Florida A&M offensive football coach Edwin Pata has created a goal for the football team with hopes of contributing to those that suffered losses in the Haiti tragedy. The name of the drive is 95,000 Pounds of Haiti Relief. The goal is to raise 95,000 pounds of food, water and other supplies for the Haiti earthquake survivors.
As of Feb. 8, Pata, along with other members of athletics have already raised 1,000 pounds. The first shipment was sent out on Feb. 15.
Pata said he felt a sense of obligation after hearing about the tragedy.
“My parents are from Haiti, and I have other family living there as well. My father owns a home there, which did suffer some damages,” Pata said.
Pata said the drive known as “95,000 Pounds of Haiti Relief” is to honor the memory of his brother Bryan Pata.
“Before Bryan lost his life to a fatal gun shooting in 2006, he served as a football player for the University of Miami. He wore number 95. All is for him and the greater good of mankind,” Pata said.
Pata is encouraging the students and others in Tallahassee to bring canned goods, bottled waters and shoes to the field house. Pata also ask that volunteers come Monday through Friday between 8 a.m. and 5 p.m.
Pata is also giving out community service hours.
“Some football players are bringing forms over and I have filled out the appropriate responses. Each school or department has a form that the students can bring to me so that I can fill it out,” said Pata.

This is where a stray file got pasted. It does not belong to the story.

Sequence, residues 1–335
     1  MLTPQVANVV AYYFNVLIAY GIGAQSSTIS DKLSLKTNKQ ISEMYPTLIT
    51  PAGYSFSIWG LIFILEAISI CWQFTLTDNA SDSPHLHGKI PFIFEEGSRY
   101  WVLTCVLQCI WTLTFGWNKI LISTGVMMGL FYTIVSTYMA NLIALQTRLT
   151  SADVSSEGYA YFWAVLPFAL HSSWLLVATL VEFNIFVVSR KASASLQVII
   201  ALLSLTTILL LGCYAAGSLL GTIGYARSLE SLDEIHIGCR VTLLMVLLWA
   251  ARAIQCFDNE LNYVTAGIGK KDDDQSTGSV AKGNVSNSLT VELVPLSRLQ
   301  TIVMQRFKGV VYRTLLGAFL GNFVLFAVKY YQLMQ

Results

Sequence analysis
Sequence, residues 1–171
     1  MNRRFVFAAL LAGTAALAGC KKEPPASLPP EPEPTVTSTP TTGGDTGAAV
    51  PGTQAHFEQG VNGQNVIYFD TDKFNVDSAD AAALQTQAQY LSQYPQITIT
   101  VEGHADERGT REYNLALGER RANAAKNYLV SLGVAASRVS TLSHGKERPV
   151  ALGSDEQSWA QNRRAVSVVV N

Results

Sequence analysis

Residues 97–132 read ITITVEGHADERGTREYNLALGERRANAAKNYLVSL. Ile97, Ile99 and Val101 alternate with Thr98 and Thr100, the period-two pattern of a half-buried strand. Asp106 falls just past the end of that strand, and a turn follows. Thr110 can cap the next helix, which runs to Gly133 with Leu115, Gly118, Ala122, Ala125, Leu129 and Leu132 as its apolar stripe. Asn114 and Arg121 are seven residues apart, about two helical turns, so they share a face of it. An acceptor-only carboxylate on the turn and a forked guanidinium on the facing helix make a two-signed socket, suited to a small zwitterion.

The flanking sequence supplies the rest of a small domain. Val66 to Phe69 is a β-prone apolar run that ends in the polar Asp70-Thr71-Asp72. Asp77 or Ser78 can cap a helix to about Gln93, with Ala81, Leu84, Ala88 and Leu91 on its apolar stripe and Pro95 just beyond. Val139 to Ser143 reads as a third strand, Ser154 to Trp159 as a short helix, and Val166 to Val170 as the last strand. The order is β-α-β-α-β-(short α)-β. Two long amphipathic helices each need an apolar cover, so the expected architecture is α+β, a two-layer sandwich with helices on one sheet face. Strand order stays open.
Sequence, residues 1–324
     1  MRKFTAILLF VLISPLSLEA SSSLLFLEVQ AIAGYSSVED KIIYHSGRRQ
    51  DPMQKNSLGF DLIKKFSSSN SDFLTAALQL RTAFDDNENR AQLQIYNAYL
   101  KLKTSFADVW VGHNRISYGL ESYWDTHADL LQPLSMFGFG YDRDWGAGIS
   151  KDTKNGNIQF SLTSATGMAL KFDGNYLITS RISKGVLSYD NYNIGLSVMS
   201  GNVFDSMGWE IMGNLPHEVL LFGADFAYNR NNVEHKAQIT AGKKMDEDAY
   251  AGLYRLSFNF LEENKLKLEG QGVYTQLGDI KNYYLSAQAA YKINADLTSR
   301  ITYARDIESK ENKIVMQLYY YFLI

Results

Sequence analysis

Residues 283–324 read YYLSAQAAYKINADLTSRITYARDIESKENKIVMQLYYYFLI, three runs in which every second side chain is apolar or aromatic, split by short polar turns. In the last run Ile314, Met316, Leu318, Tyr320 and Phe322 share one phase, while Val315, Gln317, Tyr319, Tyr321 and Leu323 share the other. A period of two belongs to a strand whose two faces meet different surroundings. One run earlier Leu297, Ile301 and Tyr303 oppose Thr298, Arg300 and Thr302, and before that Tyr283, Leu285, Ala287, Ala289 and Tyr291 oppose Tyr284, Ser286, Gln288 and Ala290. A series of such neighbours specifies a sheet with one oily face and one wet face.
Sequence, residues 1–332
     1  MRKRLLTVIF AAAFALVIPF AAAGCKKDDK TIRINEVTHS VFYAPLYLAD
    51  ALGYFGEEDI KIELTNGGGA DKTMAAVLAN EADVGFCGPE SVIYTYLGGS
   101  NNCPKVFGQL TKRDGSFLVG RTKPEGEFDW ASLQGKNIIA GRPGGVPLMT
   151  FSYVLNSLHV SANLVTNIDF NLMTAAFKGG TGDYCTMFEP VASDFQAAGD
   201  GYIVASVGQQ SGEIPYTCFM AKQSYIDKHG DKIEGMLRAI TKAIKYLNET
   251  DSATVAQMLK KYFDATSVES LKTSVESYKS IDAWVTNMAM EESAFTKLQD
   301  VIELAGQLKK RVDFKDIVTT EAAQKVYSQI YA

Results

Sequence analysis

Pata has not yet reached his goal of 95,000 pounds.
However, as of Apr. 8th, Pata, the football team, Bethel AME, Dr. Ammons and many others in the Tallahassee community have contributed 30,000 pounds to the 95,000 pounds of Haiti Relief.
Pata said it took two months to gather the 30,000 pounds. The last shipment was sent out on March 15.
“Items are stored after they are received then they are taken to Hope Worldwide, a non-profit organization for shipping,” he said.
He does not plan to have another shipment sent out, because donations have slowed down tremendously and it is becoming costly to ship the items requested.
However, Pata does have plans of raising money.
“Localized food sales, concerts, news coverage should motivate people to donate money,” Pata said. “People have a tendency to forget or lock things away in memory.”
He sends out his message in hopes of receiving help to be able to contribute to those in Haiti.